The lack of familiarity with the style in Iceland presents another problem as well. In the US, bluegrass offers a comforting lap of tradition for musicians to lay their heads in. In a country like Iceland, that tradition doesn’t carry over, so any attempt to recreate or operate within it is fraught with peril. I ask if they write any of their own music. Björn perks up. “I had a tune once,” he says. “The more I thought about it though, the melody was kind of familiar. Then I was like, ‘Hey, it’s ‘Stony Lonesome.’ With traditional music, it’s hard to hit on a melody that hasn’t already been done.” Indeed, it’s hard enough just getting the traditional tunes right. “We haven’t written much original material yet, since we’ve been busy studying the songs and trying to keep them true to the style,” Guðmundur says.
Then there’s the typically Icelandic challenge of fishing. Not the kind we’re doing in Meðalfellsvatn, but actual industrial-scale fishing, like the kind from which Björn makes his living. “It runs in the blood,” he shrugs. “My father and both grandfathers were all fishermen.” Trips take Björn out to sea for weeks at a time, making practice schedules erratic and concert planning difficult. The hard work of fishing in the freezing North Atlantic also takes a toll on the hands—something clearly problematic for a guitarist, especially one who needs to pick fast bluegrass tunes. But fishing also offers its advantages. “I learned all of my bluegrass stuff at sea,” Björn says. “You don’t have tons of time, but you have privacy. You can just focus on the tunes.”Will The Circle Be Unbroken?
What motivates Björn and Guðmundur to keep playing this music, despite its alien status in Iceland? Part of it is an obsession bordering on monomania. “Our experience with bluegrass is that once you really get into it, you’re hooked,” Guðmundur says, paying as little attention to the pun as the fish are to the mutilated worms speared at the ends of our lines. “We’re constantly thinking about what we can do to improve our playing,” Björn agrees. He pauses a beat before doubling down. “We can’t stop thinking about the music. We’re awake, reading about it. We’re asleep, dreaming about it.”
The other big driving force is a sense of mission. Just as there are few bluegrass pickers in Iceland, there are few fans as well, or even just people in the know. “I really want folks here to give at least one good listen to this music, to become familiar with it,” Guðmundur says. I ask if Icelanders have any exposure at all to bluegrass in popular culture. “We get requests for “Dueling Banjos” all the time,” he laughs, referring to the popular tune featured in the 1978 film ‘Deliverance.’ “I dig that though,” Björn springs in. “A lot of guys, like my dad, when they saw that movie, they were hearing this music for the first time and absolutely loved it. You see it played more or less live in the movie, which is important, because the form is meant to be enjoyed live.” Down The Road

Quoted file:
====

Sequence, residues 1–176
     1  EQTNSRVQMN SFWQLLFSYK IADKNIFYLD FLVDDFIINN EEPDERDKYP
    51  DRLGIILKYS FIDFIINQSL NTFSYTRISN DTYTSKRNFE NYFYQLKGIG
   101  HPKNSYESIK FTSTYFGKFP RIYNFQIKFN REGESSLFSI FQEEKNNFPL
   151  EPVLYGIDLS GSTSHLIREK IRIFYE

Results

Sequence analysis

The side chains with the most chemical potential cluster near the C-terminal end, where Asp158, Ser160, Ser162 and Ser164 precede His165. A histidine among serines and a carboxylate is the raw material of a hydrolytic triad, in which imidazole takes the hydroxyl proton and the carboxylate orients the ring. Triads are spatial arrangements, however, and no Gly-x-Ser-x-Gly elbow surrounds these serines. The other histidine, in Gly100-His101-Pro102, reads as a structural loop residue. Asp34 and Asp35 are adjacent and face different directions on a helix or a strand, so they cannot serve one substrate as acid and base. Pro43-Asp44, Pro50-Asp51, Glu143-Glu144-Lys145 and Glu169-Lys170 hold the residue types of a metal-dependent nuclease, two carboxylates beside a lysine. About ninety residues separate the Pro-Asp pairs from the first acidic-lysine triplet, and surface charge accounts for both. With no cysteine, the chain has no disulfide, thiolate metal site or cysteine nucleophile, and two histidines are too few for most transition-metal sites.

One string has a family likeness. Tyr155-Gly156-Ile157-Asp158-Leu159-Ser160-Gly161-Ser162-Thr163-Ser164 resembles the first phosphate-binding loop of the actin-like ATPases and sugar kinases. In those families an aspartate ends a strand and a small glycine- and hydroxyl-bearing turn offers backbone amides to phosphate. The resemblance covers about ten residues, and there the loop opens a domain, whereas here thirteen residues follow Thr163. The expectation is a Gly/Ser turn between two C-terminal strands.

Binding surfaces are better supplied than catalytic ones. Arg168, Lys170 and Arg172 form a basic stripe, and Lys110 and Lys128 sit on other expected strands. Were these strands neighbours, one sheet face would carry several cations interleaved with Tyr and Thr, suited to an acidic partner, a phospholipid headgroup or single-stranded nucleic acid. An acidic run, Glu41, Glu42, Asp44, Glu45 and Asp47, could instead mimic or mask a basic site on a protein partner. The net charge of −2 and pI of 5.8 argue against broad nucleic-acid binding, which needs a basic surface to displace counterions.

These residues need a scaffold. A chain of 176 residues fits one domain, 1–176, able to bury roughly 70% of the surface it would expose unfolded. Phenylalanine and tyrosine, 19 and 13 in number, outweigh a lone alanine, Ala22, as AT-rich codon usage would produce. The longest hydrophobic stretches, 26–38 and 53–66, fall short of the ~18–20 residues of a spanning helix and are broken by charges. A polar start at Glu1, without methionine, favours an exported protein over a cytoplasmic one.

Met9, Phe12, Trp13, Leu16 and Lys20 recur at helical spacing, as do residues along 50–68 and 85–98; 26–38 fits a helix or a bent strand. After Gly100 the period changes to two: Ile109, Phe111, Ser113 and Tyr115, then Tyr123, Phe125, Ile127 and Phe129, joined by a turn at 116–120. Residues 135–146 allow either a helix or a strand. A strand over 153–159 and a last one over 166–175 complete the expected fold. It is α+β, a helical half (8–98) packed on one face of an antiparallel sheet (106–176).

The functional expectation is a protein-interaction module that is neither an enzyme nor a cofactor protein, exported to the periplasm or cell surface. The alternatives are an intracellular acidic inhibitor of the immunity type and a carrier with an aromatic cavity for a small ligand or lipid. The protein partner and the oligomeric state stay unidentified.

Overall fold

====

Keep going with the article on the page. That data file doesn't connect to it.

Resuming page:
All of a sudden, Björn heaves out a sharp “dammit” followed by a deep sigh. “I had one,” he says. “He bit my line, but then he must have swum off.” It was the closest any of us would come to catching a fish on this trip, but it hardly mattered. The views alone around Meðalfellsvatn made the drive more than worth it. We were also able to console ourselves with the knowledge that rod-and-reel fishing has never really been about catching fish anyway.
As we close out the afternoon, Guðmundur reflects on the upshot of his experience with bluegrass in Iceland, all the searching for instruments, study sessions on the old masters, sweating over gigs and tough first steps required to teach one group of stubbornly traditional people the musical form of another group of stubbornly traditional people. “To grow a bluegrass band, it takes years, decades,” he says.
It’s a lonely row to hoe for Illgresi, but who knows? They’ve already seen the appeal of the form, especially when played live. With some more digging, perhaps they’ll find their native soil fertile after all.
The Icelandic bluegrass band Illgresi was formed in the summer of 2009 when the band members were searching for someone to pick some bluegrass.
For fishing gear and further information about fishing around Reykjavík, contact the tackle shop Veiðiportið at veidiportid.is, email@example.com or 552-9940.
Talk about that high lonesome sound. The boys of bluegrass quartet Illgresi have searched every hummock and holler in Iceland looking for likeminded musicians, all to no avail.